One of my favorite passages in the Bible is one short sentence that paints a powerful image:
He also went down and killed a lion in the middle of a pit on a snowy day. – 2 Samuel 23:20 (NASB)
Take a brief pause after each phrase as you read it to get the full picture: “He also went down…and killed a lion…in the middle of a pit…on a snowy day.”
With each phrase, the seemingly impossible gets even more impossible. This man deliberately jumped down into a pit with a lion that had accidentally fallen in. To slay a lion in hand-to-paw combat is a remote rarity in itself. But to slay a lion in a pit, where there is no retreat, no place to hide and no escape, it was hand to paw to the death for either man or beast. And to top things off it was a damp, snowy day. It was cold outside and it was hard for the man to get good footing in that pit, unlike the lion that had claws it could use. The lion had every advantage, but it lost.
These are some of King David’s last written words, and he was not speaking of himself. He was speaking of one of his 37 mighty men, Benaiah. This young warrior was a brute force to be reckoned with for sure, and David chose this single-sentence story to describe what a force Benaiah really was.
As we study the Scriptures, we find other things out about this man Benaiah and some of his accomplishments. For instance, we first run into Benaiah in 2 Samuel 8:18: “Benaiah the son of Jehoiada was over the Cherethites and the Pelethites…” (NASB). The Cherethites and Pelethites were from the warrior clans of the fierce Philistines.
Long before being made king, David had attracted these warriors from his days of fleeing and living in Philistia. These were not part of his mighty men, his band of brothers. They were a force unto themselves and served as David’s bodyguards, the ones closest to him in battle. Sometimes they were sent on secret missions to deal with an enemy. As we see their function throughout David’s life, they were very similar to the U.S. Navy’s SEAL Team Six. And David put this young warrior, Benaiah, over them. Benaiah was the captain of this elite-fighting cadre.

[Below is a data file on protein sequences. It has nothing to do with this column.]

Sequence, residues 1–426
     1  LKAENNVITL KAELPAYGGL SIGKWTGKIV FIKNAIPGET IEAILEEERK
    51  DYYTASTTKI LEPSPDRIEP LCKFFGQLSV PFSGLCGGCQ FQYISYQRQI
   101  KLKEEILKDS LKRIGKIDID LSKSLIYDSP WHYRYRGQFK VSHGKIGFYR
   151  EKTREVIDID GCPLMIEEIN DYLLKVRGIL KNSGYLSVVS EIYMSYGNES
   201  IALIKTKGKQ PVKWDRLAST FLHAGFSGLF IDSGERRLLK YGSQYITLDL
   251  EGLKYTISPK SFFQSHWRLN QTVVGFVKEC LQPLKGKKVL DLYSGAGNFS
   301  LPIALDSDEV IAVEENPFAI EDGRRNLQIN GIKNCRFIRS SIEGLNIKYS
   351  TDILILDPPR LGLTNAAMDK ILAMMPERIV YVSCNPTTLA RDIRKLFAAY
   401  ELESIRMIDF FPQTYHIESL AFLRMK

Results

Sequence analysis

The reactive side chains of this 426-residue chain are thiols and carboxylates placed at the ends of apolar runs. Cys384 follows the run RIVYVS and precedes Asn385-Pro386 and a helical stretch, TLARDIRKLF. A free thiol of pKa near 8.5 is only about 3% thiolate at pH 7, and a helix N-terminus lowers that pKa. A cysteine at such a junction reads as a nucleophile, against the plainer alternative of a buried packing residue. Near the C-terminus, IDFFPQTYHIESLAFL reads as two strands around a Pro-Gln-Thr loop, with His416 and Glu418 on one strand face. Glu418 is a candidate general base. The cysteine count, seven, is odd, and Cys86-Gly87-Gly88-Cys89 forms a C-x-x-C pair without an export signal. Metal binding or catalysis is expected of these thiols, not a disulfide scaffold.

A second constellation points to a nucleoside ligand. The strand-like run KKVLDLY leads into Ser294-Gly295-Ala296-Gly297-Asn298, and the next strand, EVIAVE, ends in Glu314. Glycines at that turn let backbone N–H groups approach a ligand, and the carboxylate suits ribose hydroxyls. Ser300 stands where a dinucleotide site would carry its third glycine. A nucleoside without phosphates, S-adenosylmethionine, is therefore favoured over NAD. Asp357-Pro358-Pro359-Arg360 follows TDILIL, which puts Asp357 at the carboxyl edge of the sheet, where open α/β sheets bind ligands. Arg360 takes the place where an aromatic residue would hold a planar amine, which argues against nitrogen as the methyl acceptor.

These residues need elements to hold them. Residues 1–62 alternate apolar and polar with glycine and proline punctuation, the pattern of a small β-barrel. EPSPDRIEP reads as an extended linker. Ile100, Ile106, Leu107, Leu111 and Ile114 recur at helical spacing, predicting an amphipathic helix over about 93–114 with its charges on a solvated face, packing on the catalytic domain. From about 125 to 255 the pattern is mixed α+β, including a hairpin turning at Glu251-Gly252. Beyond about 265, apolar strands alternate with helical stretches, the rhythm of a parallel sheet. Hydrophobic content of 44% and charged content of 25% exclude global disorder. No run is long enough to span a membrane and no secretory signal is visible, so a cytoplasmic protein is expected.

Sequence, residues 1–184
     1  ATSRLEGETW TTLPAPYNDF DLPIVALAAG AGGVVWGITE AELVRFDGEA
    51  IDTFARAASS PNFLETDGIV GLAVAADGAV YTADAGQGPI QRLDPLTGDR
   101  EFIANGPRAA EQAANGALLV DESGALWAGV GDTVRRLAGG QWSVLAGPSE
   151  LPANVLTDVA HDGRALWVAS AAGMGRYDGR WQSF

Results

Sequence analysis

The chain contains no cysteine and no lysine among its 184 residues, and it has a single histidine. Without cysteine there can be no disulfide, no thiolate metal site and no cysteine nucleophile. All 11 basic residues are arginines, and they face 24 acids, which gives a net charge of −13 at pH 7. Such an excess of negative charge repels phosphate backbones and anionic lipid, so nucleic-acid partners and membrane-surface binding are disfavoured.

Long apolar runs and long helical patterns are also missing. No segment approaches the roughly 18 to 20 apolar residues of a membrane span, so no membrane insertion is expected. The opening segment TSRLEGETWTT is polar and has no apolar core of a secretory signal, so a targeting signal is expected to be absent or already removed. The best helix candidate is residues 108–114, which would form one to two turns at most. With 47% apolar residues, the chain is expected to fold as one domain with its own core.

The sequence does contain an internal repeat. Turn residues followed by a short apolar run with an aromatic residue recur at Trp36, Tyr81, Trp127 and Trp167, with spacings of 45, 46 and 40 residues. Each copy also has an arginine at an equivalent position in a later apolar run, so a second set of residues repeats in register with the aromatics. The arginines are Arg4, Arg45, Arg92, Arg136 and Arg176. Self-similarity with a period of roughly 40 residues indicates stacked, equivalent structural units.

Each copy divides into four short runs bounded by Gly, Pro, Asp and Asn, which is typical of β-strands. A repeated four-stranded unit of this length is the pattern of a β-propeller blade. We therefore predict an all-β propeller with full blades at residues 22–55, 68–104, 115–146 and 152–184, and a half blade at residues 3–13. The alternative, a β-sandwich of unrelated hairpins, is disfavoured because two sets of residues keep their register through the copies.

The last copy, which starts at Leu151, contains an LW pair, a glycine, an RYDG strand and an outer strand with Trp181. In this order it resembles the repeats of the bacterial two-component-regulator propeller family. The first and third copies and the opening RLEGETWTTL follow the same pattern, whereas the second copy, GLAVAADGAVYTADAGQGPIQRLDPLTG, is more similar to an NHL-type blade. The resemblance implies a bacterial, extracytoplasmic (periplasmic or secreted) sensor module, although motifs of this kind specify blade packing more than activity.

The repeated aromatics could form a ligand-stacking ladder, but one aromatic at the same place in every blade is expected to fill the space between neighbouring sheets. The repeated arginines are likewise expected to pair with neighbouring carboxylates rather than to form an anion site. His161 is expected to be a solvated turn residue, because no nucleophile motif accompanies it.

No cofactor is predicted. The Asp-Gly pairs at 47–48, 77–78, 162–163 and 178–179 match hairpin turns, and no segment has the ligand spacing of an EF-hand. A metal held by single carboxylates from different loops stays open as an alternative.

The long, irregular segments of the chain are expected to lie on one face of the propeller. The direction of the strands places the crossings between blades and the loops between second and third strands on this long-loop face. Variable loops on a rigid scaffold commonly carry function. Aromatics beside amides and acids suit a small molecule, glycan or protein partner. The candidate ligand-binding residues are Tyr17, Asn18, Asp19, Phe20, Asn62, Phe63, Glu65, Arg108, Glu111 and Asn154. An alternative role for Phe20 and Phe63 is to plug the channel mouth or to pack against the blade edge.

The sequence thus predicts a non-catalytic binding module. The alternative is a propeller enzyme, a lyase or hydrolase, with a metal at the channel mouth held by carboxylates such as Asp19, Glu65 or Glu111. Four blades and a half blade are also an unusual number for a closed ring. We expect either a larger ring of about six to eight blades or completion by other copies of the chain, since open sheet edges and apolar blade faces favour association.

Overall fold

Benaiah, son of Jehoida, served with King David until David died. Notice who King David calls when, at the end of his life, one of his sons, who is not the chosen son, threatens to take over his kingdom: “Then King David said, ‘Call to me Zadok the priest, Nathan the prophet, and Benaiah the son of Jehoiada.’ And they came into the king’s presence” (1 Kings 1:32, NASB). In fact, Benaiah is key all throughout the beginning of King Solomon’s inauguration, establishment as king in the face of much opposition and in his early years as king.
But why did Benaiah do all this? As I have studied his life in Scripture, it is obvious that he could do mighty feats in battle. But beyond the fact that he could do these mighty deeds, he chose to do them out of principle, integrity, loyalty and commitment.
He believed David, and later Solomon, David’s son, had been chosen by God to function as king over God’s nation, Israel. He went into battle for God and God’s chosen ones, to defend and protect God’s chosen nation of Israel. And he never wavered. He used what God had given him: power and raw strength to serve God, His chosen kings and His chosen nation. He never used his power for himself, but always for God and His chosen ones. He was a mighty man, captain of his “SEAL Team Six” and later captain over all the army of Solomon.
It is Benaiah who King Solomon personally sends to deal with those who would threaten his kingdom from within Israel. Benaiah even goes and deals with King David’s long time general, Joab, another of his mighty men, who had gone rogue:
Now the news came to Joab, for Joab had followed Adonijah, although he had not followed Absalom. And Joab fled to the tent of the Lord and took hold of the horns of the altar. It was told King Solomon that Joab had fled to the tent of the Lord, and behold, he is beside the altar. Then Solomon sent Benaiah the son of Jehoiada, saying, ‘Go, fall upon him….’ Then Benaiah the son of Jehoiada went up and fell upon him and put him to death, and he was buried at his own house in the wilderness. The king appointed Benaiah the son of Jehoiada over the army in his place, and the king appointed Zadok the priest in the place of Abiathar. – 1 Kings 2:28-29, 34-35 (NASB)
Joab was the most feared man in Israel for many decades. But his pride and immoral actions caught up with him in the moral and upright Benaiah. When faced with the prospect of having to face Benaiah alone, he cowered and hid in the temple. He knew he didn’t have a chance when going face to face with Benaiah. No more than a lion would, in the middle of a pit, on a snowy day.